And this has at times made a difference on the ground. After the town of Sinjar in Iraq fell to ISIS, in August 2014, Iraq’s Yazidis were issued a chilling ultimatum: covert or die. Most fled, but some were captured. Many Yazidi men were beheaded — some suggest that 5,000 Yazidi men may have been killed. Women and girls were subjected to public mass rape and many were sold into slavery. Those that fled faced an uncertain future. But still ISIS pursued them, issuing threats by text message. One such text, read: “Where are you going to go? I swear [to] God I will cut you into pieces… We are coming for you, you pig, you enemy of God." Many Yazidis fled to Mount Sinjar. The U.S. and its allies responded by deploying Special Forces to assess the situation, dropping urgently needed supplies and using targeted force to prevent ISIS reaching the mountain. The decision to help the Yazidis was one squarely associated with R2P — a notion echoed in President Barack Obama’s statement on the campaign.
“When we face a situation like we do on that mountain — with innocent people facing the prospect of violence on a horrific scale, when we have a mandate to help — in this case, a request from the Iraqi government — and when we have the unique capabilities to help avert a massacre, then I believe the United States of America cannot turn a blind eye. We can act, carefully and responsibly, to prevent a potential act of genocide. That’s what we’re doing on that mountain.”
A few months earlier, and more than 3,000 kilometers to the south, another major protection crisis erupted in South Sudan. In December 2013, inter-communal violence between the Dinka and Nuer broke out in Juba and spread rapidly, forcing hundreds of thousands of civilians to flee. The UN mission in South Sudan, UNMISS, had a mandate to protect civilians and help the government fulfill its R2P. When around 85,000 civilians sought shelter from the UN, UNMISS decided to open the gates of its bases and provide safe refuge. This was the first time that a UN peacekeeping operation had provided sanctuary to such a large number of people. Two decades earlier, a mission called the “UN Protection Force” in Bosnia had turned its base over to Bosnian Serb militia in Srebrenica, with disastrous consequences. This time, the UN stood firm seeing this as the only way to fulfill its protection mandate. The fact that this mandate included an explicit reference to R2P is telling.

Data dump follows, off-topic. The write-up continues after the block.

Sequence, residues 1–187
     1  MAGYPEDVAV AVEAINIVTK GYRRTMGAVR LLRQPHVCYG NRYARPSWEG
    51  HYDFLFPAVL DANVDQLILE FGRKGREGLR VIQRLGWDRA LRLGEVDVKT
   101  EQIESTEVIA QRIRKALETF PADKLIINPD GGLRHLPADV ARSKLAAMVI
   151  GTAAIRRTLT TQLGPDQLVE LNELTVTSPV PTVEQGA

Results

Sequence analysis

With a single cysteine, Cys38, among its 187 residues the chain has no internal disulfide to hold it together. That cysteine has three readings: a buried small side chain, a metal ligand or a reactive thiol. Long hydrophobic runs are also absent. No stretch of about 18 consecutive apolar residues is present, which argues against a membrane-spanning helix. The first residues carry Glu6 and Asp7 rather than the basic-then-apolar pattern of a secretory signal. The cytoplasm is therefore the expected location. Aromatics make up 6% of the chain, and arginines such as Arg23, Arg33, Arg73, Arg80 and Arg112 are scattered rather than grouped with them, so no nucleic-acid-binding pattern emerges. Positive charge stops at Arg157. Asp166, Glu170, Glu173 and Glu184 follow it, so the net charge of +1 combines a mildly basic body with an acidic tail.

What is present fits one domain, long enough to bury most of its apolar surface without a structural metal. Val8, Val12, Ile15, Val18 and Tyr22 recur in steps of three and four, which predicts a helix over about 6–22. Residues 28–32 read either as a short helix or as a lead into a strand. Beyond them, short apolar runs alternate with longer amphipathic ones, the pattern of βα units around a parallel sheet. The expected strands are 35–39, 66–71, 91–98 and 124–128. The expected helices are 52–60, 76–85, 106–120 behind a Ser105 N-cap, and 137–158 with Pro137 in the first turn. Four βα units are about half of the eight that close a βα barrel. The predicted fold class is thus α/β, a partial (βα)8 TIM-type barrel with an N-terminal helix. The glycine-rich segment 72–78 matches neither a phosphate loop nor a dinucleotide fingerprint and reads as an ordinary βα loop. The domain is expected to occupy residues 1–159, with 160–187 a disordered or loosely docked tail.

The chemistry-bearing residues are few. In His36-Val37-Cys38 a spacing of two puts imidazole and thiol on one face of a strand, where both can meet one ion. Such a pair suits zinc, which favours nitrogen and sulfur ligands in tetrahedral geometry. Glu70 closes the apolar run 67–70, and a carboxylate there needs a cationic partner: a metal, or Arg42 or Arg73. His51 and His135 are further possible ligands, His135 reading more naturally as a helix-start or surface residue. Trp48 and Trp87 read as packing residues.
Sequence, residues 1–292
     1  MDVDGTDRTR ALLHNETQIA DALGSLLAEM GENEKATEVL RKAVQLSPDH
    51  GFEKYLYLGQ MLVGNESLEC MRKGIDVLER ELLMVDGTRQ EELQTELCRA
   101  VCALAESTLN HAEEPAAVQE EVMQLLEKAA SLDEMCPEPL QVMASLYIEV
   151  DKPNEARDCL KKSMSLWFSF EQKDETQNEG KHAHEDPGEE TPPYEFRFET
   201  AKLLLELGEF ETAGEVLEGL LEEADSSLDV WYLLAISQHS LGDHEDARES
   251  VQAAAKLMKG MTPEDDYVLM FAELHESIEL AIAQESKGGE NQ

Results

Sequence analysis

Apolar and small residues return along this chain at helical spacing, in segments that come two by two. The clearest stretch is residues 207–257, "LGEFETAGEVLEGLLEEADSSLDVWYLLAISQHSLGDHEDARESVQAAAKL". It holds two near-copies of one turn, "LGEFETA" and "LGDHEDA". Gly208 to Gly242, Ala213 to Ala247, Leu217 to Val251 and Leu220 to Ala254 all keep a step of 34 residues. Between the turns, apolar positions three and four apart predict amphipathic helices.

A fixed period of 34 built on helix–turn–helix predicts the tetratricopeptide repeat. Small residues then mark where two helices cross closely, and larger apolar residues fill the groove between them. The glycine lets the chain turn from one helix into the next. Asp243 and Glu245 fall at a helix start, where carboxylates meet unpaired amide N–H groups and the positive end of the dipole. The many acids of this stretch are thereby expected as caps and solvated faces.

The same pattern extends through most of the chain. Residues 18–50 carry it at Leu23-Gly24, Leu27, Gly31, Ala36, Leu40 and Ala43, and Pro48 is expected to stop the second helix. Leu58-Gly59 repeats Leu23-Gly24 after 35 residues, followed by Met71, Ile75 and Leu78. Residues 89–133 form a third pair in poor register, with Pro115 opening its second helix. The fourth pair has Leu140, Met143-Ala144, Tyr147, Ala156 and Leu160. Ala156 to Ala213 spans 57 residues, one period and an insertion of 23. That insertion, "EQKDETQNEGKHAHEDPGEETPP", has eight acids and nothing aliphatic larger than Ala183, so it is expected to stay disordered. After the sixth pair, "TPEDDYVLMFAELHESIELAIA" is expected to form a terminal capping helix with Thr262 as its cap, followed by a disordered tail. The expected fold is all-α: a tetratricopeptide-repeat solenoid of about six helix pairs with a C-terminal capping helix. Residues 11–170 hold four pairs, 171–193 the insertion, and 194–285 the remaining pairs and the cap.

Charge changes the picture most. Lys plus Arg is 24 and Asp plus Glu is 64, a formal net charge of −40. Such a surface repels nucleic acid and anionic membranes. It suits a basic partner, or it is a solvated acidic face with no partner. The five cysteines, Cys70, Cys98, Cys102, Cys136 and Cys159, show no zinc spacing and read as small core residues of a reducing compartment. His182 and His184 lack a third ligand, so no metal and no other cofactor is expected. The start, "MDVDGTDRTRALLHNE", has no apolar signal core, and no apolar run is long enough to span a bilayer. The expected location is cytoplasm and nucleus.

These are just two examples of how R2P is helping to change things on the ground for some of the world’s most vulnerable people. As events in Syria remind us daily, there is still a very long way to go. R2P’s first decade was primarily about securing normative progress and establishing the principle as an international norm. With that now achieved, our efforts in its second decade should focused squarely on the challenge on making R2P a lived reality for all.
This piece is one of several reflections within an ongoing series produced by OpenCanada.org and the Canadian Centre for the Responsibility to Protect. The series commemorates the adoption of R2P at the 2005 UN World Summit and is part of the centre's 'R2P at Crossroads: Ten Years since the 2005 World Summit' advocacy campaign.